to recognize the soul in flight

DSC00619Reaching the ‘mental and spiritual nature of ourselves’ is what spiritual practices are designed to do. This potent awareness penetrates far below the ego’s restless turmoil to the sacred core of our being. St. Augustine described how he turned attention inward ‘and beheld with the eye of my soul….the Light Unchangeable.’ At first this recognition of the sacred within ourselves and in the world breaks through only in tantalizing glimpses, stirred perhaps by the beauty of a sunset, the touch of a lover, or the serenity of prayer. At such moments the mundane world is transfigured. To recognize the sacred is not so much to see new things as it is to see things in a new way. The sacred is not separate or different from all things, but rather hidden within all things. This new way of seeing is an innate gift that needs to be cultivated…..Roger Walsh

the gift of sanctuary lies deep in our hearts and in every human encounter…..this choice to find the sacred is alive and palpable in the deep winter….in our explorations of how and why and when we will change and grow….in how we will move ever so slightly away from doing to being…..in the perception of a fine and beauteous life lived fully…..

Let us be still an instant, and forget

all things we ever learned, all thoughts we had,

and every preconception that we hold

of what things mean and what their purpose is.

Let us remember not our own ideas

of what the world is for.

We do not know…

Simply do this:

be still, and lay aside all thoughts

of what you are and what God is;

all concepts you have learned about the world;

all images you hold about yourself…

Do not bring with you one thought the past has taught,

nor one belief you ever learned before from anything.

Forget this world, forget this course,

and come with wholly empty hands unto your God.

….Christian text, anonymous

testing our wings…..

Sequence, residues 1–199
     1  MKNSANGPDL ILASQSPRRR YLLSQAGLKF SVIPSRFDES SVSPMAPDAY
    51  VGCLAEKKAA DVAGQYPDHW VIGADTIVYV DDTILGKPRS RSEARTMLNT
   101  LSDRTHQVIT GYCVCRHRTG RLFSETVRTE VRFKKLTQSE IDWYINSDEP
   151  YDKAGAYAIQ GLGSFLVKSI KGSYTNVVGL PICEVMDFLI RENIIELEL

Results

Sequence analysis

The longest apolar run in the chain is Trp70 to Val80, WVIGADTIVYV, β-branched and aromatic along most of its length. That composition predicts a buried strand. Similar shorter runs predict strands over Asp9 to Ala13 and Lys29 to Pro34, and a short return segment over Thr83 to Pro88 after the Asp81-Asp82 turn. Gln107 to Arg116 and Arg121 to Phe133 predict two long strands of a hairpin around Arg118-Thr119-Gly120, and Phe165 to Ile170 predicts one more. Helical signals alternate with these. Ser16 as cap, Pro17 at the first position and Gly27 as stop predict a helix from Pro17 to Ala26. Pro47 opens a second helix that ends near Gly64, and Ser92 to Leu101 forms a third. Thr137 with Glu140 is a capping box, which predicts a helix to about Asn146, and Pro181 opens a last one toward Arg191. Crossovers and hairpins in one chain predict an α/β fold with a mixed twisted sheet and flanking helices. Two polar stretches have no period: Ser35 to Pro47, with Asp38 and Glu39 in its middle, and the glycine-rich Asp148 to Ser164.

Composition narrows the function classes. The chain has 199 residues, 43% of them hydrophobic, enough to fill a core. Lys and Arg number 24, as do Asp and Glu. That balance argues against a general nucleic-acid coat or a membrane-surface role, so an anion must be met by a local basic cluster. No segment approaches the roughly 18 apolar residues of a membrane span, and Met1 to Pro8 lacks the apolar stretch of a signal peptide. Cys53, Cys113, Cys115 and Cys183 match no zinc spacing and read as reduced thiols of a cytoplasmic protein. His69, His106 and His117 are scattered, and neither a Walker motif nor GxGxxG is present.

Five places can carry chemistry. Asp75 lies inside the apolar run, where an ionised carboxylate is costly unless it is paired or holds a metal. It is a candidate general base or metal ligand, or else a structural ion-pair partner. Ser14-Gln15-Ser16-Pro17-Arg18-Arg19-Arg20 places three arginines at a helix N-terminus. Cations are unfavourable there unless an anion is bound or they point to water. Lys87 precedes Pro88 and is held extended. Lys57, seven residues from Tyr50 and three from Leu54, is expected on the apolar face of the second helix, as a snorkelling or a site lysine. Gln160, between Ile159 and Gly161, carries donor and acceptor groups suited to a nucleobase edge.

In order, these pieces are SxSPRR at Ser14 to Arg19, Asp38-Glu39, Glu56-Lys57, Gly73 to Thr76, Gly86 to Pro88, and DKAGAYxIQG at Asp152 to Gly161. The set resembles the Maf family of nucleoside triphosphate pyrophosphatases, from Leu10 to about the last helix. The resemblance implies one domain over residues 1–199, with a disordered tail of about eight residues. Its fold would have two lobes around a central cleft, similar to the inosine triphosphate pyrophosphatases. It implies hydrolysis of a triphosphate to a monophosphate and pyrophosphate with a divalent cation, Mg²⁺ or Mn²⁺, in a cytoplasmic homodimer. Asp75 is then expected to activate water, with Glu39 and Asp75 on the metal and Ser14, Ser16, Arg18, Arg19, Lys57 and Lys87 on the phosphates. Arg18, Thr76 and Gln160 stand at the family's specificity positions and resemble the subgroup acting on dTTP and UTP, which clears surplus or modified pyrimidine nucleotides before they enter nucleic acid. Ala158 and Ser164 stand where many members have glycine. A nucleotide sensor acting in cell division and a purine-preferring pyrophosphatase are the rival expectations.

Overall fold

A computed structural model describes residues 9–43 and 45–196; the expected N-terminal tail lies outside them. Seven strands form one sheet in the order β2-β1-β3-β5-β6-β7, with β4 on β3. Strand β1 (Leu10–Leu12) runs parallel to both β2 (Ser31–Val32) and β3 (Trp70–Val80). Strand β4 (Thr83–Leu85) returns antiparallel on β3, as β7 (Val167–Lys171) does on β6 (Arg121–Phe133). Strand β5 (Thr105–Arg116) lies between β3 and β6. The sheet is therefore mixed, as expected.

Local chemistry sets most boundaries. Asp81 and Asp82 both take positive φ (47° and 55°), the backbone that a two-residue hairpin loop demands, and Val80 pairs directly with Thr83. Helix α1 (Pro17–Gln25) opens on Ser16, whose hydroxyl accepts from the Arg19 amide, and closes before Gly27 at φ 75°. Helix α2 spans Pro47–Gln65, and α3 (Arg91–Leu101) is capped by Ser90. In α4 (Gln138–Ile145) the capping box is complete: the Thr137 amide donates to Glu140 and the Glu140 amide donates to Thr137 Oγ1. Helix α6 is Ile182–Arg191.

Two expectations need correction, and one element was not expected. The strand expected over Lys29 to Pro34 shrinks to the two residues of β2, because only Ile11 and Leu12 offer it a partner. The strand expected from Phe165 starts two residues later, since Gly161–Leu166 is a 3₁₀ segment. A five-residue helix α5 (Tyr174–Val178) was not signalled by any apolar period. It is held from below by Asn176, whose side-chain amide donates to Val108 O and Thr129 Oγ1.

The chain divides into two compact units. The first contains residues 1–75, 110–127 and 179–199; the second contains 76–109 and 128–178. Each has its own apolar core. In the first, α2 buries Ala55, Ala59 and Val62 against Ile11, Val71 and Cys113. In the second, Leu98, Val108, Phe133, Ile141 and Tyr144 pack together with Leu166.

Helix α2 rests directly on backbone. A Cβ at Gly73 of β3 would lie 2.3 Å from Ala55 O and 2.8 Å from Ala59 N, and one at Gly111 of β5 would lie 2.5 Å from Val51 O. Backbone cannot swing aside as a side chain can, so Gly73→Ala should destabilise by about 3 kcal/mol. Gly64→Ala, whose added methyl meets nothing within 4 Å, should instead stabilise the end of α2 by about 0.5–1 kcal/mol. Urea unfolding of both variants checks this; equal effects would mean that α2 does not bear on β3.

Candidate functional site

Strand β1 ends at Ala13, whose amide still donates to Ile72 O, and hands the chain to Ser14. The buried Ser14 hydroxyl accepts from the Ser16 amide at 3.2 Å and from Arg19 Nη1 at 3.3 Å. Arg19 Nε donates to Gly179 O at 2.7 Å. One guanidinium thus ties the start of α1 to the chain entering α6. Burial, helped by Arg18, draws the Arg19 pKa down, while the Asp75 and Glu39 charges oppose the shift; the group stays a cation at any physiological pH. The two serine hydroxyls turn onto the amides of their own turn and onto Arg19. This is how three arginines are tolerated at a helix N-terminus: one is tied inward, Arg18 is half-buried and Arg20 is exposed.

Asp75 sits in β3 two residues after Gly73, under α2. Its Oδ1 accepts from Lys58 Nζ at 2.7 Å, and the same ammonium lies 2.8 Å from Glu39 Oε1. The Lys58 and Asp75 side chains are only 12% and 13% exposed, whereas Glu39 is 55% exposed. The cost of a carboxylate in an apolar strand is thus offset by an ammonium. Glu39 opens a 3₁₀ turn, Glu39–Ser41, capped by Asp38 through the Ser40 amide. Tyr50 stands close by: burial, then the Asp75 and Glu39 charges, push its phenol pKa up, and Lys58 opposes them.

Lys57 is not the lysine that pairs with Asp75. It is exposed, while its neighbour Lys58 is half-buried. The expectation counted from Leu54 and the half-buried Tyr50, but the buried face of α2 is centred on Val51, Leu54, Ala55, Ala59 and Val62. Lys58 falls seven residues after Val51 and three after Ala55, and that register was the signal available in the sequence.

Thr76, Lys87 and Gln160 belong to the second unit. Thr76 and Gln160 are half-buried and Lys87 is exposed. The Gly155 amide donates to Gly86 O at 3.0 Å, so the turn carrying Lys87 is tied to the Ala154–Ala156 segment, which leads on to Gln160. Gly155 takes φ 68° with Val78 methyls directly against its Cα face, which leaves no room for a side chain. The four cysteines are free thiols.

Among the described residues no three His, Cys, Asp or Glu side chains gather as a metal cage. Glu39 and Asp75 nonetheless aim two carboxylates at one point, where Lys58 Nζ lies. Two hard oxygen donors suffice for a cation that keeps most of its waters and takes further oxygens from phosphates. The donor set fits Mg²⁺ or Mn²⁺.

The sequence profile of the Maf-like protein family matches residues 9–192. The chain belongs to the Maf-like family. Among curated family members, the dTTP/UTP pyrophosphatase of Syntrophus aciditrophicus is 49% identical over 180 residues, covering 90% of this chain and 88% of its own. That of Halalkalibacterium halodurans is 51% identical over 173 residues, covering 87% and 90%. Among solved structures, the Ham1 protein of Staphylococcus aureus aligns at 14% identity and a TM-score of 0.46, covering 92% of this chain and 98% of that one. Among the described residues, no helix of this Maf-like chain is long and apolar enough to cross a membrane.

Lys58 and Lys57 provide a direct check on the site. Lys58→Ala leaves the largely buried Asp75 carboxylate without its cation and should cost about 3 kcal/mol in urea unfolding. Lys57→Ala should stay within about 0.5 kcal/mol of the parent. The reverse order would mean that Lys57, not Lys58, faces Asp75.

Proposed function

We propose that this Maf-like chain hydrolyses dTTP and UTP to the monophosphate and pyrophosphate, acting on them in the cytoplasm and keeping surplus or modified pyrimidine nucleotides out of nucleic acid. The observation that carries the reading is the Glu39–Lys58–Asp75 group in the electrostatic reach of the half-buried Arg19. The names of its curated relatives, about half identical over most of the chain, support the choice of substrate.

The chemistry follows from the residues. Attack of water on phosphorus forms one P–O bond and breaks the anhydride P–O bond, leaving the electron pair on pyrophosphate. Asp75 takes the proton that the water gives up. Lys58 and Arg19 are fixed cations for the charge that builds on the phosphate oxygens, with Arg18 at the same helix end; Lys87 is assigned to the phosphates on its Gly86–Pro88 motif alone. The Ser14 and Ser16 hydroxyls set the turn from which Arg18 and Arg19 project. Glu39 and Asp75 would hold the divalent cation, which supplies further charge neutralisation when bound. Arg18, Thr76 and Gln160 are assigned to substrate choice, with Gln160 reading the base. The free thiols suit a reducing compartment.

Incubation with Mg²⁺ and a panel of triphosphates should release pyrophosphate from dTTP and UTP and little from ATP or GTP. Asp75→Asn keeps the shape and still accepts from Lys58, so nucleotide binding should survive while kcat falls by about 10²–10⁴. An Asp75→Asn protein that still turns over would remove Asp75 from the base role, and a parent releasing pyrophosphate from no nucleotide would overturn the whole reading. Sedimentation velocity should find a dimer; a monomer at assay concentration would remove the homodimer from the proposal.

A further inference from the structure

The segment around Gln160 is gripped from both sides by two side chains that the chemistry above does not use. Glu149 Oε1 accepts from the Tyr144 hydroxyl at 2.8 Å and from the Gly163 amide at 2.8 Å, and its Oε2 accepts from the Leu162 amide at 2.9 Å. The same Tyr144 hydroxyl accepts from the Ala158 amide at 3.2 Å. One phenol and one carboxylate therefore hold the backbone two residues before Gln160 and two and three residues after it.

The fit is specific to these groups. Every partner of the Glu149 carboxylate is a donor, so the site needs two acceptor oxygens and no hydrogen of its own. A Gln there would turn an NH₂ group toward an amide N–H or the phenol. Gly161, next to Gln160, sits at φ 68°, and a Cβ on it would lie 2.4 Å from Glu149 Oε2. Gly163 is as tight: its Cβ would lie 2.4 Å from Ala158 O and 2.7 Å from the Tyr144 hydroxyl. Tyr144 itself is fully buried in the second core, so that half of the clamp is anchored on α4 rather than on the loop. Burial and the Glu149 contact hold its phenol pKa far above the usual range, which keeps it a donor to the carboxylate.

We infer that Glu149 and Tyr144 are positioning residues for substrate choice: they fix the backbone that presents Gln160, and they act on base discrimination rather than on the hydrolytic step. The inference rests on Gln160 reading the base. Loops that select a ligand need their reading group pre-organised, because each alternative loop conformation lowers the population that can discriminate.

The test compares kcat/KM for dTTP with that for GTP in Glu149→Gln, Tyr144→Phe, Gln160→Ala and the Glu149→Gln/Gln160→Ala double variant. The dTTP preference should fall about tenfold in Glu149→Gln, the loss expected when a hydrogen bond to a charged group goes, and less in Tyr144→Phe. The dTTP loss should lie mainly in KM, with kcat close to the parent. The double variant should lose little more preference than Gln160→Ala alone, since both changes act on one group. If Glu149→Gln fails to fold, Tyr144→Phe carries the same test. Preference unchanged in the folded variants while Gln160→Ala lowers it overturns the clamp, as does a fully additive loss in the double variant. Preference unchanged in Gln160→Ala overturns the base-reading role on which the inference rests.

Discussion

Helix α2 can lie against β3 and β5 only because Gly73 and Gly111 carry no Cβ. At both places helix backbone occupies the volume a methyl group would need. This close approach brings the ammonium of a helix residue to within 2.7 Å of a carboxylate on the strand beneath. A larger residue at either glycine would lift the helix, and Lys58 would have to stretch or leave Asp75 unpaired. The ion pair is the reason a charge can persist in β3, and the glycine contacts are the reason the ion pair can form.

The spirituality of everyday life requires a livable, inspiring philosophy and daily attention. In all traditions, spiritual practice zeroes in on a particular method for transforming life according to one’s spiritual vision. A similar inscrutability surrounds prayer. It takes many forms, and any attempt to limit its range of expression kills it. Prayer is full of mysteries, and yet it too, requires craft and thoughtfulness. Religious traditions teach an important lesson: the more mysterious the insights and the deeper the prayer, the more we need technique, method, and a studied practice. It doesn’t do to improvise our spirituality or to keep it feathery and amorphous….Thomas Moore

6 thoughts on “to recognize the soul in flight

  1. I must say that I love that anonymous Christian text, as well as the thought you expressed that the gift of sanctuary lies deep in our hearts and in every human encounter. You always give us much to ponder. Thanks for sharing your gifts. Peace, Mark

    • I so love that writing too….so beautifully expressed how we can trust in our faith….laying our souls bare…..keep sharing your gentle gifts too Mark….

  2. Surely in the living of moments, we may wonder to the reason (why me, why here, why now)…..and yet, we only need to be still (and forget) (and remember) ~ and there it is, in reasons simply to be ~ simply to open. I say it likely too often, but I love your daily reminders. I was especially drawn to the text, ‘Let us be still an instant, and forget all things we ever learned, all thoughts we had, and every preconception that we hold of what things mean and what their purpose is.’ Always, we are gifted with evidence of divine footprints (the same size as our own). ~ Love to you, Bobbie

    • our everyday lives hold so many anwers for us…….I have always been struck by the idea of letting go of our most deeply held values…..letting go in the sense of knowing there is an even deeper way, maybe a mystery we don’t yet know….this humble connection to mystery seems to sustain faith and widen the humanness gap….as you say, ‘divine footprints (the same size as our own)’…..beautifully offered….thanks Bobbie….

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